Note: tree testing is also known as reverse card sorting.
Functional Salience Testing
While that concludes site structure and navigation, it certainly doesn’t conclude the overall information architecture. Before finally building our first complete wireframes, we need to know which functions are the most important. Does the user care deeply about searching for things? Would they rather skip the sign up, or the onboarding?
Functional salience tests are used to decipher which functions are most important, which then helps us decide how best to design the content and UI. Instruct the tester to choose three functions from the tree map (also known as a sitemap) — for example, subscribe, pricing, and checkout could be three functions the user deems important.
With these insights in mind, we can then design the task or user flows and visual hierarchy in a way that adds extra emphasis on the chosen functions, and then depict this as what’s called a task or user flow map, a sort-of upgrade to a sitemap that specifically highlights the various user flows. Again, Whimsical is a top tool for this.
Below: notice how the information architecture is evolving? We now have some fantastic insights — literally a map — telling us how our design should be wireframed.
Performance testing is used to evaluate the effectivity of task completion once the wireframes have been created using the insights acquired from formative testing.
Given a variety of example scenarios, users are asked to complete tasks as we watch, listen, and ask questions to help the user communicate their feedback as we take notes.
Remote user testing tools such as Lookback and UserTesting, which integrate with everyday screen design tools such as Marvel and InVision, are very suited for this. Also, new kid UserLook helps designers kickstart usability testing in seconds — a huge advantage to UserLook is that it’s free if you source testers from your own userbase.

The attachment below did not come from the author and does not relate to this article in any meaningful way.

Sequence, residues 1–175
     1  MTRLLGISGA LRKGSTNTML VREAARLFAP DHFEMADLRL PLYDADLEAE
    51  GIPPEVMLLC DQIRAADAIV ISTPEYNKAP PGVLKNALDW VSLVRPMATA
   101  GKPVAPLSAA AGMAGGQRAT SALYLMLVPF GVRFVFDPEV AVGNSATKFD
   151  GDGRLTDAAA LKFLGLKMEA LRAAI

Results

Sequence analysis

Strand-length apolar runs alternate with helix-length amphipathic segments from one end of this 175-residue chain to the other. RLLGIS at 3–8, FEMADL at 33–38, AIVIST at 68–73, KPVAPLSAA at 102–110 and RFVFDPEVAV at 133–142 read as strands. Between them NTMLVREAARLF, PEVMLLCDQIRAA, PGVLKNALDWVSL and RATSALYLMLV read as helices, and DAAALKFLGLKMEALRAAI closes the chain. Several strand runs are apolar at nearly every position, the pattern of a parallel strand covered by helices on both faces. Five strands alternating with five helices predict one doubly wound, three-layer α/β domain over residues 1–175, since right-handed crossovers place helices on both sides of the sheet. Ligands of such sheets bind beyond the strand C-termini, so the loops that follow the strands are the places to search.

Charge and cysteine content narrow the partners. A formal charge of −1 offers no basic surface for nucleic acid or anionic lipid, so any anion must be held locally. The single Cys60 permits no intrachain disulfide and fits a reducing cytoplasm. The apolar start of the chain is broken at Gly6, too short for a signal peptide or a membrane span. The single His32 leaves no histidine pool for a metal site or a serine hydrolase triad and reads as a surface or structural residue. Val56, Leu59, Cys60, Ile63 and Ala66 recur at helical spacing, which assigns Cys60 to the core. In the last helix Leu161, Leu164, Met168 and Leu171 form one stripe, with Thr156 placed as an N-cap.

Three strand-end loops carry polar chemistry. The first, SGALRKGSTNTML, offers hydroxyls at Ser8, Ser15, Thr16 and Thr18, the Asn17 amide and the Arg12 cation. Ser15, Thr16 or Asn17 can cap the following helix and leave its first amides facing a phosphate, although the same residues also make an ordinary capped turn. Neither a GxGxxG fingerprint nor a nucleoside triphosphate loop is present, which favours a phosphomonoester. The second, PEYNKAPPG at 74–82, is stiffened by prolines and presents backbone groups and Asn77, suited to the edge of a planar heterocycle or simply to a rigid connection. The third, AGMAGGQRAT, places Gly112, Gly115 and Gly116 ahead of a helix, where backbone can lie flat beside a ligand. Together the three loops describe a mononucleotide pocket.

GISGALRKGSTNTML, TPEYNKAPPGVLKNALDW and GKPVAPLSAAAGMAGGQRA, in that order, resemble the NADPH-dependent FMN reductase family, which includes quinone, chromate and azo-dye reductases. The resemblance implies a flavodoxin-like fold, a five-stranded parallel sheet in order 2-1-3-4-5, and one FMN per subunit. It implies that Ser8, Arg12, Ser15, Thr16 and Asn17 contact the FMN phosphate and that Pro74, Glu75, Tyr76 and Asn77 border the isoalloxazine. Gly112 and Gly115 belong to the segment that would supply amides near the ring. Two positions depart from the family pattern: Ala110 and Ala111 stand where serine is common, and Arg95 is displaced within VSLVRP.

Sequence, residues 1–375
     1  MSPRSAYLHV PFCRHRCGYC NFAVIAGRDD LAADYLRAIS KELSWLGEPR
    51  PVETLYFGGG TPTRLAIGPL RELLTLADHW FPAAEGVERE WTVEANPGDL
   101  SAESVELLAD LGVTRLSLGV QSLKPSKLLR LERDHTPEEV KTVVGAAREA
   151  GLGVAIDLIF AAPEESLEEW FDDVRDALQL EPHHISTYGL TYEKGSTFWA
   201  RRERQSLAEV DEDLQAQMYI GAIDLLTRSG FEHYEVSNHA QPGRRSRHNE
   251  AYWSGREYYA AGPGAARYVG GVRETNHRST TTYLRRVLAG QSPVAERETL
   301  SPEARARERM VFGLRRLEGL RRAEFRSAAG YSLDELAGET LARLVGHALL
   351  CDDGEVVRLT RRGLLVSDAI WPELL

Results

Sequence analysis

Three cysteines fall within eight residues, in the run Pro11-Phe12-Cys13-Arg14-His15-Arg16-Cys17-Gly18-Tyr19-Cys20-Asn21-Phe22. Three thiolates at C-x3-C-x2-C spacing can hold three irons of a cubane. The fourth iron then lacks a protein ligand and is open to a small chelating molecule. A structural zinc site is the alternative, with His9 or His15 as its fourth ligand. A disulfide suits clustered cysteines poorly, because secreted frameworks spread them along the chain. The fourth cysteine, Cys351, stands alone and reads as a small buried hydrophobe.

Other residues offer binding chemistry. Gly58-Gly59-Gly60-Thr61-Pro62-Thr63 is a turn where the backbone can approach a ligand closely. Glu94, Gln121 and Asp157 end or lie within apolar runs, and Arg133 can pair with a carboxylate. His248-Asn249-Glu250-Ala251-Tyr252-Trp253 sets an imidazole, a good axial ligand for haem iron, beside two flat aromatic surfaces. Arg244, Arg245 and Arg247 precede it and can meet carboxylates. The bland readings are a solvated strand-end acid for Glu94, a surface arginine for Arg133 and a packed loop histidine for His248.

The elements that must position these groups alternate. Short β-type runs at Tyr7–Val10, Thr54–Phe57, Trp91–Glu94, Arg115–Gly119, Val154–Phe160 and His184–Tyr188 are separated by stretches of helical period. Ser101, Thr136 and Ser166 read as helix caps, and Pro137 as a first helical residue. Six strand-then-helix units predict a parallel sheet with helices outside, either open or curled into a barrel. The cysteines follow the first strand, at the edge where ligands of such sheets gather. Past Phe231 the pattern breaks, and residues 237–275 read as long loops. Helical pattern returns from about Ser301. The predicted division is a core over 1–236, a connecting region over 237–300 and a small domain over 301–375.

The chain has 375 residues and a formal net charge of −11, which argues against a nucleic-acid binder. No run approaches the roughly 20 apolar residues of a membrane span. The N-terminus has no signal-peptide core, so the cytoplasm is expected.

Below: a mockup (left), a video feed of the user testing it, a chat window, and finally, somewhere to take notes — here somebody is using Lookback to conduct a user test.
Discreetly, we then assign the tester a score — 2 for Completed, 1 for Had Difficulty, and 0 for Fail — and after all the tests are complete, we can use the scores and notes to measure success rate, task time, and overall user satisfaction. Also, you might find that affinity mapping is useful for clustering recurring feedback, which helps us determine which issues are high-priority, and we can do this with all kinds of testing and research.
Tip: pay attention to how users overcome roadblocks, as this will reveal solutions.
5-Second Usability Testing
5-second usability tests are used to determine whether or not users can recall something from memory, such as the name of the brand, or what the app, website, or specific screen does. Most users are only willing to allocate 5 seconds to an app or website, so if the user for any reason becomes stalled, they will hit the back button.
5-second tests are simple, but effective.